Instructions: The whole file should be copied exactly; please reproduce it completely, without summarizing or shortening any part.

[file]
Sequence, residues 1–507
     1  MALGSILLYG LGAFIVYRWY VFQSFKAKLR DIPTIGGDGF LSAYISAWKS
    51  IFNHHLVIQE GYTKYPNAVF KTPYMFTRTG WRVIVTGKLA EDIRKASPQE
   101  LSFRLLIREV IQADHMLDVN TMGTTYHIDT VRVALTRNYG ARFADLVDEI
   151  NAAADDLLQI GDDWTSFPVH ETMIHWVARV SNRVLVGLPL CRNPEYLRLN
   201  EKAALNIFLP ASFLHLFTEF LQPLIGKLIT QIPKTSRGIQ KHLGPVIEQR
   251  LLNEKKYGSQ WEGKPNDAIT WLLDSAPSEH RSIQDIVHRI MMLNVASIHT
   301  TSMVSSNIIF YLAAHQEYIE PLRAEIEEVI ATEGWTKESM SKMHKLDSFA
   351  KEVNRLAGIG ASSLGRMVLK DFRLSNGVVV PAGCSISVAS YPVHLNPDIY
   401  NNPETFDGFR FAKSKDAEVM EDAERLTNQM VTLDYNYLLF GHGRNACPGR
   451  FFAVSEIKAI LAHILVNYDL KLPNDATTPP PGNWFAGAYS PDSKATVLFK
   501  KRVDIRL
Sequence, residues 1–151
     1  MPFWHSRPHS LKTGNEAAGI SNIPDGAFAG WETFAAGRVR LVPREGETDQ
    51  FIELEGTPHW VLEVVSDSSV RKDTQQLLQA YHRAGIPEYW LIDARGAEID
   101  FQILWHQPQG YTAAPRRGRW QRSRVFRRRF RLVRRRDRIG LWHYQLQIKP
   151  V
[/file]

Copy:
Sequence, residues 1–507
     1  MALGSILLYG LGAFIVYRWY VFQSFKAKLR DIPTIGGDGF LSAYISAWKS
    51  IFNHHLVIQE GYTKYPNAVF KTPYMFTRTG WRVIVTGKLA EDIRKASPQE
   101  LSFRLLIREV IQADHMLDVN TMGTTYHIDT VRVALTRNYG ARFADLVDEI
   151  NAAADDLLQI GDDWTSFPVH ETMIHWVARV SNRVLVGLPL CRNPEYLRLN
   201  EKAALNIFLP ASFLHLFTEF LQPLIGKLIT QIPKTSRGIQ KHLGPVIEQR
   251  LLNEKKYGSQ WEGKPNDAIT WLLDSAPSEH RSIQDIVHRI MMLNVASIHT
   301  TSMVSSNIIF YLAAHQEYIE PLRAEIEEVI ATEGWTKESM SKMHKLDSFA
   351  KEVNRLAGIG ASSLGRMVLK DFRLSNGVVV PAGCSISVAS YPVHLNPDIY
   401  NNPETFDGFR FAKSKDAEVM EDAERLTNQM VTLDYNYLLF GHGRNACPGR
   451  FFAVSEIKAI LAHILVNYDL KLPNDATTPP PGNWFAGAYS PDSKATVLFK
   501  KRVDIRL
Sequence, residues 1–151
     1  MPFWHSRPHS LKTGNEAAGI SNIPDGAFAG WETFAAGRVR LVPREGETDQ
    51  FIELEGTPHW VLEVVSDSSV RKDTQQLLQA YHRAGIPEYW LIDARGAEID
   101  FQILWHQPQG YTAAPRRGRW QRSRVFRRRF RLVRRRDRIG LWHYQLQIKP
   151  V